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Northern Ireland Set For Flight Tax Cut

by Jason Gorringe,, London

28 September 2011

Northern Ireland is to see its rate of air passenger duty (APD) drop in relation to the rest of the UK, with the government also looking at devolving aspects of the tax to the local assembly.

Chancellor of the Exchequer George Osborne, in consultation with the Secretary of State for Northern Ireland Owen Paterson and the Northern Ireland Executive, announced on September 27 that, from November 1, APD will be slashed for those passengers travelling on direct long-haul routes departing from airports in Northern Ireland.

As a result of the change, the direct long-haul rate of APD will fall to the lower short-haul rate – currently GBP12 (USD19) per passenger in economy class and GBP24 for business and first class passengers. The cost of reducing APD in Northern Ireland will ultimately fall to the Northern Ireland Executive in accordance with the requirements of European Union law in relation to devolved taxes.

The decision follows a consultation held earlier this year on the prospect of an APD cut, which closed in June. The government will deliver a full response to the consultation by the end of the autumn. The Treasury recognizes that Northern Ireland’s airports operate in unique circumstances within the UK. It notes that the land border with the Republic of Ireland, a country offering differential rates of air passenger tax, had threatened to make long-haul flights from Belfast uneconomic.

The government is also set to launch a parallel process to devolve aspects of APD to the Northern Ireland Assembly, in recognition of its unique circumstances. The precise scope of devolution will be agreed in cooperation with the Northern Ireland Executive.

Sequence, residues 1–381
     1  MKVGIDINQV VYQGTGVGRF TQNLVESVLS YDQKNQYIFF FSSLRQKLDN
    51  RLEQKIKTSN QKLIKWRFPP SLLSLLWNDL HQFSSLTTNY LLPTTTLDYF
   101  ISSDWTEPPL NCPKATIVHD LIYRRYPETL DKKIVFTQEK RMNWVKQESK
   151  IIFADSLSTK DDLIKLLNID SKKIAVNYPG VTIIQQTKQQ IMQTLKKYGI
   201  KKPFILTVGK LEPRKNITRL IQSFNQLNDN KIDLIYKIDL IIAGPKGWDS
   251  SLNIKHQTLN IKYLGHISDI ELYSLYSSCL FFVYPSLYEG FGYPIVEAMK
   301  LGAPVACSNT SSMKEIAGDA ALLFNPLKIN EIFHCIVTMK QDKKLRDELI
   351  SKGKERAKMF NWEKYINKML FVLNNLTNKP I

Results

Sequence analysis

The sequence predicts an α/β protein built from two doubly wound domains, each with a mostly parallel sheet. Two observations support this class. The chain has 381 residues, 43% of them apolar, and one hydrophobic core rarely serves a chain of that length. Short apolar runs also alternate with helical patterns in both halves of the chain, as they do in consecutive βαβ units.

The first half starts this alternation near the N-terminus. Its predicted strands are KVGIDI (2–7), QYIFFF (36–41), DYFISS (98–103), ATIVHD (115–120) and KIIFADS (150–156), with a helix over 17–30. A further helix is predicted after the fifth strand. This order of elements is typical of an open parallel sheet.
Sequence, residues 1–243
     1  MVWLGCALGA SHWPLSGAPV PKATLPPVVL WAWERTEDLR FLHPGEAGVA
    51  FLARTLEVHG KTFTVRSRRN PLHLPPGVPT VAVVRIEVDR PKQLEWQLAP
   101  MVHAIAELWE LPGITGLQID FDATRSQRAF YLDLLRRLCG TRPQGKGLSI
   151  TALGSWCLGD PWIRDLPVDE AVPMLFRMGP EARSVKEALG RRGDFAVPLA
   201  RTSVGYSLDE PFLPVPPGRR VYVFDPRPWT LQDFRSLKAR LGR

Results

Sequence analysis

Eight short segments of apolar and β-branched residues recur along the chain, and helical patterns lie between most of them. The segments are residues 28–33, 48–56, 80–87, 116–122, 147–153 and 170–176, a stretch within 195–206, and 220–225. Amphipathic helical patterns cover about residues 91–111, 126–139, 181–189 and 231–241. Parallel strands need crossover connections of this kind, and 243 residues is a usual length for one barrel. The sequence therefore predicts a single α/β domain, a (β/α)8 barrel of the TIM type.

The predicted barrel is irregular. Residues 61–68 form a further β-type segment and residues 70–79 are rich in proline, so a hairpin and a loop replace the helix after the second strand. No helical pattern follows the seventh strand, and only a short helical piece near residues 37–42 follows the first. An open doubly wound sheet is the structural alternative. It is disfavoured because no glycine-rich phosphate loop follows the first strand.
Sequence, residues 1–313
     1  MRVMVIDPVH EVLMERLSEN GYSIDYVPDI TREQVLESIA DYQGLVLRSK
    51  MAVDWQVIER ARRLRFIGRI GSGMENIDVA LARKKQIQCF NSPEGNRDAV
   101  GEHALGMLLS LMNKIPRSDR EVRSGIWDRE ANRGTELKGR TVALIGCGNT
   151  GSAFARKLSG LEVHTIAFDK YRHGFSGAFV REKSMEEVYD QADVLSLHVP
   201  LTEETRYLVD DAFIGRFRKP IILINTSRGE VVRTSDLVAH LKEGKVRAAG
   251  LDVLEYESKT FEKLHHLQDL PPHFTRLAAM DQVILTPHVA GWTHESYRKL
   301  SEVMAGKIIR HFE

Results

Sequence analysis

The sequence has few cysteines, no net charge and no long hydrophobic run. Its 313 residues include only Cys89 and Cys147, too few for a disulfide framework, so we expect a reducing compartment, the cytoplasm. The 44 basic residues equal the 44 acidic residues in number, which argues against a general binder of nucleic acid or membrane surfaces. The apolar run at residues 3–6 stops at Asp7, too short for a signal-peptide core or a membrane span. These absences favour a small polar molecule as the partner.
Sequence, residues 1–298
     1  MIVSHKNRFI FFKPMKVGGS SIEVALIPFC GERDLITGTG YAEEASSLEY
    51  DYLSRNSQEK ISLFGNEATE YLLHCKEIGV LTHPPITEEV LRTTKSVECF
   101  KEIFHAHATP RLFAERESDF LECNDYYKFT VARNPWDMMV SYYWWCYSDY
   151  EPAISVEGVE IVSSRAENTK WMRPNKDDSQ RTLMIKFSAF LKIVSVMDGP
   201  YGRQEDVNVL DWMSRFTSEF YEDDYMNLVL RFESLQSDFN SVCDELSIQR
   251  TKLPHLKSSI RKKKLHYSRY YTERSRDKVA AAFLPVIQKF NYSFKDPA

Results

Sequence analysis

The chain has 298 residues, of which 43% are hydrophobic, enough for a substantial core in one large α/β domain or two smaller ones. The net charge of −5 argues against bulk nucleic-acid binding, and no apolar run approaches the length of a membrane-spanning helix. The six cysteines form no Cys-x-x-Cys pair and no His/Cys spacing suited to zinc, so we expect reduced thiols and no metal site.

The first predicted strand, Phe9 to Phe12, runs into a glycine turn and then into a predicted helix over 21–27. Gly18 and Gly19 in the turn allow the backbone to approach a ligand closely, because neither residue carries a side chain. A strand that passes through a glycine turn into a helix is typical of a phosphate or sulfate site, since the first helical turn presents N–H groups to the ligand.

Announcing the move, Osborne said: “The government has taken proactive measures to protect the only direct long-haul service operating from Northern Ireland and with it the jobs of those who serve the Belfast route. Northern Ireland faces a unique challenge in attracting traffic – including very valuable business customers – into its airports. By announcing this immediate cut and our intention to devolve aspects of APD, the UK government is renewing its commitment to stimulating and rebalancing the Northern Ireland economy.”

Paterson added: “This is really good news for Northern Ireland. Our priority is to protect jobs and help create more jobs. First-rate transport links are essential to Northern Ireland’s future prosperity and that is why we have worked so hard with the Chancellor on this issue."

TAGS: tax | business | air passenger duty (APD) | Ireland | aviation | United Kingdom | tax rates

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